Tuesday, July 9, 2013

The Founding Foodies

Jefferson's Gardens at Monticello Virginia

History is an interesting thing, and as the historians usually say, written by the conquerors. In the last decade or so, there has been an upsurge in Food History. The Slow Food Foundation for Biodiversity actually makes it a criteria for a food to get protected status, that there be a historical aspect to foods that are nominated either for the Presidia or the Ark of Taste.

I love history. I am told that my Dedo Evan, my dad's dad, was quite the history buff. My father often tells me that I get my love of history from that side of the family. Maybe it is also my career as a health care professional, a good history always leads you to a proper diagnosis and treatment.

In honor of the 237th Birthday of America, I thought I would explore different historical aspects of American cuisine and agriculture. When I worked for Copia, the concept of the American Table was fascinating, because when you consider the native cuisine of pemmican, grasshoppers, acorn mash and wild turkey, we certainly are very far removed from our continent's indigenous foods.

Food history actually encompasses all aspects of human history. While scholars focus on treaties, economic trends and religious revolution, I have always been more interested in what people ate. When I travel, I spend most of my time in grocery stores, specialty food shops and out door markets. I love talking to home cooks, farmers and food producers, they are so much more interesting. Food, I have come to the conclusion, is the only group art form that one consumes through the mouth. It is bonding, soothing, fun and sensual, it shapes all of history.

Tuesday's program features Dave DeWitt, author and lecturer of all things Chili Pepper. http://www.dave-dewitt.com/

I chose DeWitt because he wrote a delightful book called the Founding Foodies, which if there was ever a perfect Fourth of July food book, that was it! I have been reading a lot of American History in the last several years, mainly because I find the current situation in our nation unbearable. I wanted to see what the heck they were thinking when these United States were founded. I fall deeper and deeper in love with our ideals as I study, and to my surprise, so many of the issues we are struggling with, have been what we might call, running themes.

Apparently when the Colonists came to our shores, they were their centuries "city folk." It never occurred to them they would have to grow their own food. They brought much of it with them, and depended on the ships from England to furnish their staples. Talk about food miles and a locavores nightmare! Obviously this was not a good strategy, thank goodness the natives stepped in with food and instructions. The continued dependence on England for items such as tea created a prime opportunity for taxation, and well, you know the rest of the story. The creativity and willingness to try new things spread from shaping a new nation to being gastronomic adventurers.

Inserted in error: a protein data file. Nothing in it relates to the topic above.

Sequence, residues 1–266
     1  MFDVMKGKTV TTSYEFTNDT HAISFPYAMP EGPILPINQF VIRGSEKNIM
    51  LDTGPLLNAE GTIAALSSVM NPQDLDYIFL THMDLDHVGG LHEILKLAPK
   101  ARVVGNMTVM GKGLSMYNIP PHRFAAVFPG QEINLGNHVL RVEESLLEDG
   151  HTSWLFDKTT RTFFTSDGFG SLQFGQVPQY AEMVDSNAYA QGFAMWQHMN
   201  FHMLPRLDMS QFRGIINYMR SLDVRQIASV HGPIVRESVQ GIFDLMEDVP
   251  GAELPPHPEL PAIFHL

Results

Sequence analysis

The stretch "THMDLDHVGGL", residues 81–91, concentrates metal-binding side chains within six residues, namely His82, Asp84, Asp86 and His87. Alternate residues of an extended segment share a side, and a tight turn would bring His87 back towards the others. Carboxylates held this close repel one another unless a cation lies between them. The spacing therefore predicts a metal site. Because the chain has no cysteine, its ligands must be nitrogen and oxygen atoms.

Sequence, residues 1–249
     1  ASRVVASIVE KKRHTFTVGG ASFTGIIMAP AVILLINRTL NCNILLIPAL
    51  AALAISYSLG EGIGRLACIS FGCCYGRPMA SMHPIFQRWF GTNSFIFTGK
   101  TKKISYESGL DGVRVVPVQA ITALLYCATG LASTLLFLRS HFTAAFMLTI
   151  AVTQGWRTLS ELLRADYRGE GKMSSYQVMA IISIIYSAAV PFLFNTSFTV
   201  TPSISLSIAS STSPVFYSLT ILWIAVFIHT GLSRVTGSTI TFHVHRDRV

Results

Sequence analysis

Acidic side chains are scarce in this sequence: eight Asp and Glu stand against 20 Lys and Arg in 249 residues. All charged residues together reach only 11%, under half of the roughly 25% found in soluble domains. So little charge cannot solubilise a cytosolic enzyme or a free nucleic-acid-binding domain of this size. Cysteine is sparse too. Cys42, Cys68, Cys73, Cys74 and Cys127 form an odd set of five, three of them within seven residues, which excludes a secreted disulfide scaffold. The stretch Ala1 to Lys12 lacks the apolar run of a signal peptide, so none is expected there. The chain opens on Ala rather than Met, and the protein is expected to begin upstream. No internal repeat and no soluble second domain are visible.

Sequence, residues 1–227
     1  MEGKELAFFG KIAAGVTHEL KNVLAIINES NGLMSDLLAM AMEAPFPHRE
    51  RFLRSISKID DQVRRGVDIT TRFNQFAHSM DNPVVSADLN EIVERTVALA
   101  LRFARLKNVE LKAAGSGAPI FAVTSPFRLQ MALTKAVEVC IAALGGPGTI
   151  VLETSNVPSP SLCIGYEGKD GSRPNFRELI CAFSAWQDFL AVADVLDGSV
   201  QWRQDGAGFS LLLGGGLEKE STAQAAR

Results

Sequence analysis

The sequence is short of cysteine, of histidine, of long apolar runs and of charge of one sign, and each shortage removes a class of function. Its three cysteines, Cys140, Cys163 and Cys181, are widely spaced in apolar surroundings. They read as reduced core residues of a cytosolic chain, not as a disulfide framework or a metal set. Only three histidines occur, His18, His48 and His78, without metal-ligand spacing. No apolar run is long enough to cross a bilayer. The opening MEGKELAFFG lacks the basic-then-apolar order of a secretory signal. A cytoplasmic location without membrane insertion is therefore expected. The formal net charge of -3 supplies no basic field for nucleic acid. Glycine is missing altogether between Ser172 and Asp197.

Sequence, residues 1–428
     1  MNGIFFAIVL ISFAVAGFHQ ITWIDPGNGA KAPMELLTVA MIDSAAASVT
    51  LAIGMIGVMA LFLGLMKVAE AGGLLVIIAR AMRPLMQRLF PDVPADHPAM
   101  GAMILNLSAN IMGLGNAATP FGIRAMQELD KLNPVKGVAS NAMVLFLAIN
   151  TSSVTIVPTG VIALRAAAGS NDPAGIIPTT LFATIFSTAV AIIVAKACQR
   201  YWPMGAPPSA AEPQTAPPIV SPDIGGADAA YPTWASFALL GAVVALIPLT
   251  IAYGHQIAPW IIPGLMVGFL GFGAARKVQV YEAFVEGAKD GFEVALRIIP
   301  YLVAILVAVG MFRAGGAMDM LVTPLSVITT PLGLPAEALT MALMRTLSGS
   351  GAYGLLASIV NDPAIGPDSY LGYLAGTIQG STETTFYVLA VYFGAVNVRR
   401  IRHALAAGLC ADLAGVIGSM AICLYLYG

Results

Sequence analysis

Founding Foodies is a delightful overview of how characters such as Washington, Jefferson, Franklin  and Smith helped to shape American cuisine. Founding Foodies covers their farming techniques and experiments as well as their importation of things like French Cuisine. No freedom fries for me thank you, Jefferson proudly trained his house servants in the finer arts of the French kitchen, and remember the French really did help us win the war. It was also fun to learn that BBQ was the favorite of our Founding Fathers. The interview is really fun, and covers DeWitts contribution to our historical lexicon as Americans. http://www.blogtalkradio.com/real-food-empire/2013/07/09/founding-foodies

Colonial Williamsburg Foodways Demonstration Kitchen

So when you are enjoying your summer meals, and your out door grilling festivities, know that you can thank our first and third Presidents for their contributions, from tomatoes to peaches, smoked pork to beer and moonshine, the palates of George and Tom would be quite in fashion today! I imagine Michelle Obama and Thomas Jefferson would have much to talk about concerning the new White House garden!

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